U.S. Sees New Threat In Iraq From Sufi Sect A militant Sufi sect could be replacing al-Qaida as a key threat to U.S. forces and stability in Iraq, U.S. officials say. The Naqshbandi army draws strength from an ancient Sufi order and from a Saddam Hussein-era Baathist fugitive.

U.S. Sees New Threat In Iraq From Sufi Sect

U.S. Sees New Threat In Iraq From Sufi Sect

  • Download
  • <iframe src="https://www.npr.org/player/embed/105507397/105504338" width="100%" height="290" frameborder="0" scrolling="no" title="NPR embedded audio player">
  • Transcript

A slow but steady toll of violence continues in Iraq, and Prime Minister Nouri al-Maliki consistently blames al-Qaida elements.

But the fundamentalist Sunni al-Qaida seems to have lost its sway in Iraq. Instead, U.S. officials caution that a little-known strain of the insurgency has emerged, with tougher roots in Iraqi soil: the Naqshbandi army, which draws strength from an ancient Sufi order and from a Saddam Hussein-era Baathist fugitive.

Sufism is sometimes described as the mystical side of Islam, and it is often associated with rituals of singing and dancing that inspire a feeling of religious ecstasy. In more extreme examples in Iraq, Sufis even pierce themselves with needles or knives to show how faith makes them impervious to pain. Most Sufi orders are pacifist, and their traditions appeal to both Sunnis and Shiites across the Muslim world.

Naqshbandi Sufism is many centuries old and believed to have originated in Anatolia, in modern-day Turkey. Famous Naqshbandi Sufis have included the last two grand muftis of Syria and the 18th century Indian Islamic scholar, Shah Waliullah of Delhi.

Fundamentalists like al-Qaida consider Sufis to be heretics, but there has been some contact between al-Qaida in Iraq and the Naqshbandi army, which comes from the fringe of the Sufi order.

The group was founded by an ex-Iraqi army noncommissioned officer named Abdurahman Naqshbandi, who hails from the Lake Hamrin area of northeastern Diyala province — now one of the few pockets in Iraq where the insurgency has resisted U.S. and Iraqi control. Solid information about the group is elusive, but Brig. Gen. Craig Nixon says it started with a call for jihad against America in 2003.

"There's clearly a different ideology between al-Qaida and Jaysh al-Nashqbandi," said Nixon. "We've seen some local-level tactical commingling of the pipe-swingers, if you will, but the Jaysh al-Naqshbandi is clearly a nationalist element with a view to go back to the former Baath leadership."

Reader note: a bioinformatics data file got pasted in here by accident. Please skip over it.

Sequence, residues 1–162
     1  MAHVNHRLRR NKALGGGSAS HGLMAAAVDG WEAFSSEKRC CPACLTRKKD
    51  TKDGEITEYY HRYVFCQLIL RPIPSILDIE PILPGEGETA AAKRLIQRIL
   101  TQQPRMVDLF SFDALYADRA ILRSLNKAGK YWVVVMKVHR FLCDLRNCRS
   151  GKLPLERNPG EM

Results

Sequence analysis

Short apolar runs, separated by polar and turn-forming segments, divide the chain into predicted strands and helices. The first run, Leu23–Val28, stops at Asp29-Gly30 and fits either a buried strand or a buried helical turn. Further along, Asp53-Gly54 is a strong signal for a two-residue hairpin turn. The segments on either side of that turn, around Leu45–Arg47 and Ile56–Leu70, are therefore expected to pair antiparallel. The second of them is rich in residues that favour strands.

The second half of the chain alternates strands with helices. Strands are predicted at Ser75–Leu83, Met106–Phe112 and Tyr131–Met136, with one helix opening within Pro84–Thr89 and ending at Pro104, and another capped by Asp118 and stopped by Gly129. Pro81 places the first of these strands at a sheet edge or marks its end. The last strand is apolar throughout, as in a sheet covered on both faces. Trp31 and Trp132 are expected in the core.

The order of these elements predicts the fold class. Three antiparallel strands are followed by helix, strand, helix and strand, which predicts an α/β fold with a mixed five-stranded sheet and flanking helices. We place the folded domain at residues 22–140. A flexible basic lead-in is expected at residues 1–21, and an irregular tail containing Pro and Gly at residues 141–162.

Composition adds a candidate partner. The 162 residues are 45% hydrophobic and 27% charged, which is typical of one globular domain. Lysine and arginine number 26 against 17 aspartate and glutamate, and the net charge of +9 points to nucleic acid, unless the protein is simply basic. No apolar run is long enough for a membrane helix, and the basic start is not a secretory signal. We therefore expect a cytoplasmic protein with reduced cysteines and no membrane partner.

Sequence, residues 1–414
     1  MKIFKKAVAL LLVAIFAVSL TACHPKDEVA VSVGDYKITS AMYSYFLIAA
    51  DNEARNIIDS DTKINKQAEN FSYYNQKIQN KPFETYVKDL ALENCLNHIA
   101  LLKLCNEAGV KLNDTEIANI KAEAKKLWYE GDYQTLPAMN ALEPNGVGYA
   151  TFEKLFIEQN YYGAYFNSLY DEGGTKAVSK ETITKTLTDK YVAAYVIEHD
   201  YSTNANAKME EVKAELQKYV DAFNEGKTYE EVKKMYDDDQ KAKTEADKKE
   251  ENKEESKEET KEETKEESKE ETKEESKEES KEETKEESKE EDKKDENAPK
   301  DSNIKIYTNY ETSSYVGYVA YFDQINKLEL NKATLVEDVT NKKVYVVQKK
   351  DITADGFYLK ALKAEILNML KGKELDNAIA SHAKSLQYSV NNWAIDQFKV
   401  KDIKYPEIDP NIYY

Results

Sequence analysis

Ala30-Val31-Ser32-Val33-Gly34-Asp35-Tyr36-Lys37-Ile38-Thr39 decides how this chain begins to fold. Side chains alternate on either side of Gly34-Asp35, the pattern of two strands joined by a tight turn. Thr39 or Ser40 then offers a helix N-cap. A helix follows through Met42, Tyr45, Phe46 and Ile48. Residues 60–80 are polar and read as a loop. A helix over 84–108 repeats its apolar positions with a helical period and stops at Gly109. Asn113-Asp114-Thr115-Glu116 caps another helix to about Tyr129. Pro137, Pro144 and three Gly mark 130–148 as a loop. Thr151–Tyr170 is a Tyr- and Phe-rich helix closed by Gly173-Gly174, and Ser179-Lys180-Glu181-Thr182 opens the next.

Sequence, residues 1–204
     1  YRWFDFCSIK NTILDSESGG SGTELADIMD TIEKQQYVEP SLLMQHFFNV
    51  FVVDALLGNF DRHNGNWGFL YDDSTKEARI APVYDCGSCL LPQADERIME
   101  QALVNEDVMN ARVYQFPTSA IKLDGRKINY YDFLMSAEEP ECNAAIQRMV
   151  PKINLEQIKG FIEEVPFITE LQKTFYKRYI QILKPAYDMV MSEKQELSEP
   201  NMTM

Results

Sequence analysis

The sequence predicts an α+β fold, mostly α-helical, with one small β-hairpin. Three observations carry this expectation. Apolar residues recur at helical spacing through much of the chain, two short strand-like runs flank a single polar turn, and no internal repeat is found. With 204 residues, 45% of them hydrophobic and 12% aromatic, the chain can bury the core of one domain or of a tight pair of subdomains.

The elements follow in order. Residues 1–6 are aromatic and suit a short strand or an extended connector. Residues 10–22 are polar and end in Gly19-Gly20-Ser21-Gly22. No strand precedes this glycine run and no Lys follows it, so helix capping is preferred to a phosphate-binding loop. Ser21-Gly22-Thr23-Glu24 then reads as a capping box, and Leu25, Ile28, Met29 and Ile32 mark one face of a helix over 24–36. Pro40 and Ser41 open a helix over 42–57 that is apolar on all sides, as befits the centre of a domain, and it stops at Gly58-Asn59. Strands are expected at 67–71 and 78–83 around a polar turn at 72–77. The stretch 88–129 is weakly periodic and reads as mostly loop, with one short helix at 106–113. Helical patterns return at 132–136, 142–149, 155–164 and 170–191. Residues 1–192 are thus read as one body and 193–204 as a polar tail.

Nixon's area of command includes Diyala and Kirkuk provinces, where the Jaysh al-Naqshbandi seems to be increasing its activity. Al-Qaida's power may be on the wane in Iraq, after inflicting so many civilian casualties. But the Sufi-inspired order can present itself as a more indigenous resistance, Nixon says.

"They're well-organized, have ties with former regime elements," Nixon says. "Primarily [they] focus on coalition forces but are trying to establish a power base between the local Iraqis. We're concerned that left unattended they will provide a threat to the Iraqi government in this transitional phase."

The other key element is the group's link to the last remaining fugitive from Saddam Hussein's inner circle. Former Vice President Izzat al-Douri, reputedly a fanatical Sufi, may have had earlier contact with Abdurahman Naqshbandi. U.S. military officials believe Douri is outside Iraq raising funds for the insurgency, and they say the Naqshbandi army lends Douri some post-Saddam legitimacy for his continuing fight against the Americans and the Iraqi government.

"I think they are regrouping now," said Ibrahim al-Sumadaie, of the Iraqi Constitutional Party. "The Baath party itself thinks it's time to look ahead after the American withdrawal and the conflict between political parties."

Especially with U.S. troops beginning a gradual drawdown from Iraq, Sumadaie says the Naqshbandi army has become the de facto armed wing of the Baath party. Many Sunni gunmen who flipped to the American side to form so-called Awakening Councils and fight against al-Qaida now feel abandoned, says Sumadaie. He fears the Naqshbandi army may attract many of these Sunnis who feel under siege by the Shiite-dominated government in Baghdad.

"They're well-organized and well-financed from outside Iraq. I think they can attract the remnants of al-Qaida fighters who believe in fight but do not believe in al-Qaida itself," said Sumadaie.

The group has an active Web presence with purported videos of their attacks on U.S. targets and pictures of an arsenal of munitions. Their claims of killing Americans are exaggerated, say U.S. military officials, but at the same time, they say the Naqshbandi army should not be underestimated.